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Many Questions Still Unanswered in the Polypill Debate

Anyone reading the papers this week might have come away with the impression that all over 50s should be hot-footing it down to their local pharmacy and demanding a polypill. So why, you might be wondering, are we not adopting this 'one size fits all' approach straight away?

Anyone reading the papers this week might have come away with the impression that all over 50s should be hot-footing it down to their local pharmacy and demanding a polypill.

The rash of stories was prompted by a new study published in the journal PLoS One which saw researchers give the polypill to people over the age of 50, with no history of cardiovascular disease. Over a twelve week period, the participants showed a 12 percent reduction in blood pressure and a 39 percent reduction in LDL cholesterol. These results are similar to those from a BHF-funded trial some years ago.

So over the short term the polypill does what is says on the tin - it lowers blood pressure and it lowers cholesterol. But this is not quite the same as saying that if prescribed to the whole population over the long term it would translate into the expected reduction in heart attacks and strokes.

What's in a polypill?

For those who aren't aware, the polypill is a four-in-one tablet containing 3 blood pressure lowering medications along with a statin for lowering cholesterol.

The polypill has had a long and chequered history. There are several in production, each with slightly different combinations of ingredients. The polypill initially devised by these investigators contained two ingredients that aren't in the current version - aspirin and folic acid. They removed these because large scale studies showed that folic acid, whilst doing no harm, did not improve cardiovascular outcomes. Aspirin was also taken out because, for people at relatively low risk of a heart attack or stroke, the bleeding risk associated with it outweighs any cardioprotective benefits it may have. The overriding principle for a polypill is that it should do more good than harm and not all polypills are the same, so it's very important to know exactly what a particular polypill contains.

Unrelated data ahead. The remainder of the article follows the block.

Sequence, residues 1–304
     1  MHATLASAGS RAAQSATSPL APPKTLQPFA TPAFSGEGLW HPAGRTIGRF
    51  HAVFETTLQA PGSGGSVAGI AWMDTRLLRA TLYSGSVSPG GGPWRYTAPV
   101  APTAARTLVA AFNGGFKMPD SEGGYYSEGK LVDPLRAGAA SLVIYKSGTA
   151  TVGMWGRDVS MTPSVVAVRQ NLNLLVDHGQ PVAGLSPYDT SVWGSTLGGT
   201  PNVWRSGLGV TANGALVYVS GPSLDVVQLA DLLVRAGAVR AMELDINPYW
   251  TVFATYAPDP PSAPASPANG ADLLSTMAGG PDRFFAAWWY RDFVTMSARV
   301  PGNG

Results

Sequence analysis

How would I get a polypill?

It's very much in the early stages of trials and you can't actually get your hands on the polypill just yet, but people are very interested in what could turn out to be a revolution in treatment.

Issuing a drug based on age alone to people with 'normal' blood pressures and cholesterol levels is a different approach to the one you'll encounter in General Practices around the UK. Currently, a whole range of risk factors are taken into consideration to predict your risk of a heart attack or stroke over the next ten years. Only if that risk is more than 1 in 5 will the doctor write you a prescription.

So why, you might be wondering, are we not adopting this 'one size fits all' approach straight away? If the polypill helps to reduce blood cholesterol and blood pressure, two common risk factors for heart attacks and strokes, surely it would do wonders for the nation's heart health?

If my patients ask me about the polypill, I'm always keen to tell them both sides to the story:

Why it's potentially exciting

As many people will know, the simpler your medication routine is, the easier it is to fit in around your everyday life. The polypill is appealing because people are much more likely to stick to taking one pill a day, rather than a collection of tablets at different times for different conditions.

Also, the cost of producing and distributing a single pill would be much lower than multiple meds, so the polypill is a cheaper alternative.

Why we need to curb our enthusiasm for now

This latest research only studied a very small number of people for a short period of time. In order for the changes in blood pressure and cholesterol to translate into fewer heart attacks and strokes these changes need to be sustained over many years. So we need to see further large scale trials over a longer period of time to see if this really happens.

Also, all drugs can have side effects that cause the patient to stop taking them. It is notable that eight times as many people reported sided effects (albeit mild ones) when taking the polypill than when taking the placebo. Whilst people may well be prepared to put up with an irritating side effect for 12 weeks in a clinical study, they may be less inclined to do so in the long term.

Thirdly, the polypill would only be prescribed for younger people deemed to be at too low risk for conventional treatment. We don't yet know the implications of asking a 'normal' population to take a daily tablet. For example, how will the life insurance industry react? Will it accept that the polypill lowers risk or will they load your premium on the basis that if you are taking a drug you must be at increased risk?

Hopefully we won't have to wait too long to get some of the answers we need. There are several other large scale polypill studies going on around the world. If I were a betting man I would say that the polypill will reduce cardiovascular events, but will be less effective than the current study predicts. Only time will tell.

In the meantime anyone worried about their heart health can still do something about it. We know that heart and circulatory disease is largely preventable and that eating a healthy diet and not drinking too much alcohol, staying physically active, and avoiding smoking are all crucial for protecting your heart.